Spotlight on eco-labeling in the fashion industry

Spotlight on eco-labeling in the fashion industry

With the launch of our labeling guide stimulating discussion among 2degrees members, and professionals across multiple sectors debating how best to communicate the sustainability credentials of products to consumers, PR professional Katharine Earley considers how the eco-labeling debate is shaping up in the fashion industry.

I was interested to learn that eco-labeling plays an important role in the purchasing decisions of almost half (47%) of EU citizens, according to a European Commission survey. Voluntary eco-labels for clothing in Europe include the EU Ecolabel and the Oeko-texBluesign and Nordic Swan labels. Each label awards a certification to brands that comply with stringent environmental, ethical or health-related criteria. However, as ethical consumerism takes a hold and the demand for transparency grows, so the debate on how best to communicate the sustainable and ethical values of clothing intensifies.

UK-based ethical fashion brand Rapanui is calling for a radical shake-up of eco-labeling for clothing. The Rapanui team, headed up by the entrepreneurial Drake-Knight brothers, is championing the creation of a new eco-labeling policy that would see clothing rated with an ‘A to G’ rating scheme similar to the EU energy rating scheme.

In theory it’s a great idea – a simple, visually-led scheme that would rapidly convey the ‘genetic make-up’ of clothes to consumers. The ‘A’ rating would be awarded to clothing that is produced both ethically and sustainably, while items produced using partially sustainable or unsustainable methods would be awarded a lower rating. The infrastructure needed to implement such a scheme would be challenging, and how would it be regulated? These will certainly be important questions for MEPs to consider, as they decide whether to investigate the proposal further.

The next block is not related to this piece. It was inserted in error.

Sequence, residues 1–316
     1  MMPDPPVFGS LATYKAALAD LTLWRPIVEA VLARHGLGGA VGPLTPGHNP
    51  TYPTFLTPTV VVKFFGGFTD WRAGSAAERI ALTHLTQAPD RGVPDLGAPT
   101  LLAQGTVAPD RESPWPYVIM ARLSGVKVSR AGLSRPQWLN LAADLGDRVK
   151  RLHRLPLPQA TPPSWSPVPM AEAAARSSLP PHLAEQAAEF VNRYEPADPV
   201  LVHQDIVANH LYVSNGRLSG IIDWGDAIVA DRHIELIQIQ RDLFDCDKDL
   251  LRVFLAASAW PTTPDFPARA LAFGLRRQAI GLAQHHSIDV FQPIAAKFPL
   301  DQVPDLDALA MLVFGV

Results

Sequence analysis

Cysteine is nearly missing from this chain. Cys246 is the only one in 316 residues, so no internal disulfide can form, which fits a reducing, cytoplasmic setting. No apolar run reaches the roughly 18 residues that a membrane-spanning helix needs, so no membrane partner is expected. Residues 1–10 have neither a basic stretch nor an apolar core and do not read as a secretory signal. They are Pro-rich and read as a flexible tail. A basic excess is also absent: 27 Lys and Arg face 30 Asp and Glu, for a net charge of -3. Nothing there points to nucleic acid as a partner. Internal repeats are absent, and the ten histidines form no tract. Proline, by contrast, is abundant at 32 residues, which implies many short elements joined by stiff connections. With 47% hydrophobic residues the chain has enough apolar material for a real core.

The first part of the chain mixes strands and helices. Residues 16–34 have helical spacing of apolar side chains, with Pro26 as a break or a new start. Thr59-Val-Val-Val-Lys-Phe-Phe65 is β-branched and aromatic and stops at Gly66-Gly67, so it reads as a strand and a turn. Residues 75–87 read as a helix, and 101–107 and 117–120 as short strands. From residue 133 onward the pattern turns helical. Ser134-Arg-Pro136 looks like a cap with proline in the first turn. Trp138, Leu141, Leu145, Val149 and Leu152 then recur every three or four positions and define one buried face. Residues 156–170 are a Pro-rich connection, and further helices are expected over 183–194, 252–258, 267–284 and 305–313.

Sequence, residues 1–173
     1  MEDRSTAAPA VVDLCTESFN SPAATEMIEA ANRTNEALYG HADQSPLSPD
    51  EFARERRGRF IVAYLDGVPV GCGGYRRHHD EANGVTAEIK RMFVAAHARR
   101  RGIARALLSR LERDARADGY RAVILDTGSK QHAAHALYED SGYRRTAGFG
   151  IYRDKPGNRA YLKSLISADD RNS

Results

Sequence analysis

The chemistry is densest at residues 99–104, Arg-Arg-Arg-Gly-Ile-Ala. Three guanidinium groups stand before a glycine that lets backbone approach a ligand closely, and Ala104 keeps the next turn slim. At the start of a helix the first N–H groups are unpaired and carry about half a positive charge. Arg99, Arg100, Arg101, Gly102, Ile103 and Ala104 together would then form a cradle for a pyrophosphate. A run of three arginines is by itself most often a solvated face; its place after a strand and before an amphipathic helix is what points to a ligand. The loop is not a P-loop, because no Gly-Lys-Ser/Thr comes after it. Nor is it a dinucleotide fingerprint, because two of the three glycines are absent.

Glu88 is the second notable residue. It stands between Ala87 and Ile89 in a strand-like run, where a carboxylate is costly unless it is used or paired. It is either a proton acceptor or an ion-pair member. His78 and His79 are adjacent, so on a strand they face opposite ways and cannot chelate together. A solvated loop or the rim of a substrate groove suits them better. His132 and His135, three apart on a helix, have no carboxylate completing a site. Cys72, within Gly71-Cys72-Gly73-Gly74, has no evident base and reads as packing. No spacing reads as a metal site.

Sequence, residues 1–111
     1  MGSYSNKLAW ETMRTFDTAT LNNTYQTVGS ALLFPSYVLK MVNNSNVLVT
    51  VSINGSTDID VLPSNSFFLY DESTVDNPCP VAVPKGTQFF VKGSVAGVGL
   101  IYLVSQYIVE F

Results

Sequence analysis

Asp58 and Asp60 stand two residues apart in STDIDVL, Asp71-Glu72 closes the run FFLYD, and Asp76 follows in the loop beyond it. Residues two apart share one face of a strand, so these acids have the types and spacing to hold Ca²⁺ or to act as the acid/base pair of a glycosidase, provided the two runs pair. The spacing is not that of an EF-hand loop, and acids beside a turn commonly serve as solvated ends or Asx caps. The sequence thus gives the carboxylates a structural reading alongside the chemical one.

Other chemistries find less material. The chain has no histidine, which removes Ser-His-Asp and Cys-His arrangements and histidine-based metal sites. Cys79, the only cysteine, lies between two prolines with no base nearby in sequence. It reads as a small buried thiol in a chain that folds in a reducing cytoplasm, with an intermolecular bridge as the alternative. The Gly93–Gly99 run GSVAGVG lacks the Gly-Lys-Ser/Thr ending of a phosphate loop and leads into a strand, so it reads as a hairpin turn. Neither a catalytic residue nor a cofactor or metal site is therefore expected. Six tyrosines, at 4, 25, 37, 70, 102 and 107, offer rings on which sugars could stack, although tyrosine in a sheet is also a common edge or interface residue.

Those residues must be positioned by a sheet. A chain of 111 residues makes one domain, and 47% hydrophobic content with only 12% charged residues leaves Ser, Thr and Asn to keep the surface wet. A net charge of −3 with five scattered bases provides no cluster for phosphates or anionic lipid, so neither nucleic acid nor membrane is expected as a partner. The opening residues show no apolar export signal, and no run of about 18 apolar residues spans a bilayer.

Despite the complexity inherent to introducing such a scheme, Rapanui’s refreshing philosophy of proving ‘traceability from seed to shop’ is gaining traction among politicians, environmentalists and fashion leaders. This is particularly pertinent as the fashion industry is increasingly forced to rethink its supply chains and embrace greater accountability of its carbon, water and social footprints. How this positive action should then be communicated to consumers in a consistent, meaningful way has yet to be determined.

Any respected eco-labeling scheme should help consumers understand the environmental and social impact of their clothing choices. Ideally, fashion eco-labels aimed at consumers should send simple messages, be based on sound scientific reasoning and be relevant and applicable to the global clothing industry. Without a clear, independent and regulated system to quickly and simply classify the sustainability of clothing, many would argue that choosing sustainably is impossible.

Eco-labeling also represents a means for clothing manufacturers and their suppliers to increase brand loyalty by adopting a more transparent approach and building a closer relationship with retailers and consumers alike. By combining high quality, desirable brands with a transparent approach to communicating a brand’s green credentials, manufacturers stand to create true brand advocates.

Ultimately, while the compulsory system proposed by Rapanui would necessitate significant changes to fashion supply chains, it would also pave the way for ethical consumption to become ‘easier’ and more mainstream. As current sustainability thinking suggests, consumers are more motivated to make ethical purchasing decisions if industry does the work to make it an ‘easy’ choice. I’ll be interested to see how this proposal progresses. It has certainly stimulated some good debate!

This article was published on the 2degrees network website.